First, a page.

Photographs relating to Philippine peoples, including Ifugao, Ilongot, Philippine Negrito, Hanunoo (Mangyan), Subanun, Igorot, Tinguian, Samal Moro, and Bagobo. Images depict clothing, body decoration, and scenery, and many are frontal and profile portraits of individuals. The collection also includes some lantern slides of maps of the Philippines, as well as a photocopy of a booklet with the price list for photographs.
Most of the lantern slides were prepared by Charles Martin. Some are from negatives by Martin but others are possibly by researchers with whom he worked, including Philippine Secretary of the Interior Dean C. Worcester.
The Philippine Bureau of Science, originally called the Bureau of Government Laboratories, was established to promote Philippine commercial and industrial resources and disseminate scientific and technical information. The Division of Ethnology, originally the Bureau of Non-Christian Tribes, was transferred to the Bureau of Science in 1906, expanding its mission to include the islands' peoples. Charles Martin was an official photographer with the Bureau of Science from around 1901-1915, after which he became a staff photographer with the National Geographic Magazine until 1940.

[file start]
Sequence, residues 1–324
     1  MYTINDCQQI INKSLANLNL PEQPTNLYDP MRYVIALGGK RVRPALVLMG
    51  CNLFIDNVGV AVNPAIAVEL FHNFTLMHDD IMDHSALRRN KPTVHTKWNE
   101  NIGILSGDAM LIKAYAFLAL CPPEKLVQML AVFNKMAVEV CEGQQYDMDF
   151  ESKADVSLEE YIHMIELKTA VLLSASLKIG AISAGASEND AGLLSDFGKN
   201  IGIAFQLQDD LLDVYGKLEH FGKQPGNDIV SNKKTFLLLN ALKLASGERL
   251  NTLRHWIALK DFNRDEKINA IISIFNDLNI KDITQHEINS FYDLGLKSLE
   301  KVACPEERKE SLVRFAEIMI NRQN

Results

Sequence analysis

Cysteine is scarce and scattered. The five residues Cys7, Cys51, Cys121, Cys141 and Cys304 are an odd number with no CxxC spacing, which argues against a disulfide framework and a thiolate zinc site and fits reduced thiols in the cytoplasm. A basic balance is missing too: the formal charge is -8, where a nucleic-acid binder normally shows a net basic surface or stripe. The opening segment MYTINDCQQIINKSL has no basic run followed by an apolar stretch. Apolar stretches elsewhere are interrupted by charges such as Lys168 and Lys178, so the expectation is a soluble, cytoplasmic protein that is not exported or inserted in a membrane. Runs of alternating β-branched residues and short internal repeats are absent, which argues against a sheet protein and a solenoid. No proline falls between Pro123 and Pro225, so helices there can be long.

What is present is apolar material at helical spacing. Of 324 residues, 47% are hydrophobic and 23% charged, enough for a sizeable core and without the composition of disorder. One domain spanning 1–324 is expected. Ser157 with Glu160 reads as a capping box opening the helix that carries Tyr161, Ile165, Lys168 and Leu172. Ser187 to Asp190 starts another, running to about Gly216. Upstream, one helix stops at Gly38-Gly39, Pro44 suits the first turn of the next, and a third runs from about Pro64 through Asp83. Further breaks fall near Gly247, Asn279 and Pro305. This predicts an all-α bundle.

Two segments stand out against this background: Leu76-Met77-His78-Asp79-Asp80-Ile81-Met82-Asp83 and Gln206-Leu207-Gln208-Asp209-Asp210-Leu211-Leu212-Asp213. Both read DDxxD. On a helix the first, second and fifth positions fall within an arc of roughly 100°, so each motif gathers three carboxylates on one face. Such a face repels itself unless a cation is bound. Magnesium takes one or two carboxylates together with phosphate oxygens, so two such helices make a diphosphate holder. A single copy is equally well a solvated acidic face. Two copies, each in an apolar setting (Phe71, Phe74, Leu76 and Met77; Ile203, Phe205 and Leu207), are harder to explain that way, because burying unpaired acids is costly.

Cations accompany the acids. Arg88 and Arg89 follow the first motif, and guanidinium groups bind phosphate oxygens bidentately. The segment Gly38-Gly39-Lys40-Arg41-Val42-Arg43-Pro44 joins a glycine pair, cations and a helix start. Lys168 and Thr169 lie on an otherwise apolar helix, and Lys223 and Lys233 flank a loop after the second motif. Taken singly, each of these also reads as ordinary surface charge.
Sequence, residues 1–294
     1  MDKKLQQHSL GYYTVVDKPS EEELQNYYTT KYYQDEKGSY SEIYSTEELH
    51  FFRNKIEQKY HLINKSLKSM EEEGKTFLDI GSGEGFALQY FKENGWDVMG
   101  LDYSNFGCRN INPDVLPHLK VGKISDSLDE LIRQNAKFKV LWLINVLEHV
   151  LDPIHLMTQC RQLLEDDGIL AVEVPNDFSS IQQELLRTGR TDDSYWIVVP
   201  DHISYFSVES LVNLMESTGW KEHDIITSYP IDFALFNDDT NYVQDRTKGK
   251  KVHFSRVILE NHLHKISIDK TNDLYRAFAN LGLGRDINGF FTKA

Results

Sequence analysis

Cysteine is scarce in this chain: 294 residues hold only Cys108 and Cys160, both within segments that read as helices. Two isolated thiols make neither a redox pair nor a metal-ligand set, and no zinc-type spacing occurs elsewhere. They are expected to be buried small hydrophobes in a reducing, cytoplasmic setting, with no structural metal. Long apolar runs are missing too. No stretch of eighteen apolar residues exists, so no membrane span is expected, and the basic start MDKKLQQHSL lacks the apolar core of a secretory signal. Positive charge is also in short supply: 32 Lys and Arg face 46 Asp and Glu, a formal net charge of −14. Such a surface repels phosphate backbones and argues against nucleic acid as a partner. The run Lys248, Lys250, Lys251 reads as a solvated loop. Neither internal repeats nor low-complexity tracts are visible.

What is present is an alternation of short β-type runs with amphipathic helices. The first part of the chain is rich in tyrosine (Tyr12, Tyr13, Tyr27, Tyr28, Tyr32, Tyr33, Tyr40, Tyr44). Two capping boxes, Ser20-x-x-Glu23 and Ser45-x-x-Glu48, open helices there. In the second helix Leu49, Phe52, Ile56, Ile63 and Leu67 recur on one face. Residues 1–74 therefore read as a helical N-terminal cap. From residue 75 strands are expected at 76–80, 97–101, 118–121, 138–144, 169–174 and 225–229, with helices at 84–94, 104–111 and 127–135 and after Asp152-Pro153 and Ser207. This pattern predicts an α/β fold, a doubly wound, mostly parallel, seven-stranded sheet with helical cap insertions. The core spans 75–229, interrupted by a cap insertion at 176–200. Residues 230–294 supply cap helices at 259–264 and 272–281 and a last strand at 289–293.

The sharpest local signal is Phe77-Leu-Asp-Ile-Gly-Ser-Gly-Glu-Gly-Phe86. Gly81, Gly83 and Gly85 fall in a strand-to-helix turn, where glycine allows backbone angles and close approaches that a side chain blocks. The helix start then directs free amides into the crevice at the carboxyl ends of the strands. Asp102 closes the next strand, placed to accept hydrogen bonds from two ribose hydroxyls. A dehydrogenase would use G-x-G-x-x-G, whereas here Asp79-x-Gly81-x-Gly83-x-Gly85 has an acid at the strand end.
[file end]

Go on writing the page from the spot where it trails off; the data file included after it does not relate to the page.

Local Call Number(s):
NAA Photo Lot 81-58B
Location of Other Archival Materials:
Additional Bureau of Science photographs can be found in the National Anthropological Archives in Photo Lot 87-18.
Additional photographs by Worcester can be found in the National Anthropological Archives in Photo Lot 8 and Photo Lot 97.
The University of Michigan Library holds Dean C. Worcester's papers and photographs of the Philippines.
The University of Pennsylvania Museum of Archaeology and Anthropology holds film by Worcester and Martin.
The Peabody Essex Museum also holds photographs by Charles Martin.
The collection is open for research.
Access to the collection requires an appointment.
Photo Lot 81-58B, Philippines Bureau of Science photographs of Philippine peoples, National Anthropological Archives, Smithsonian Institution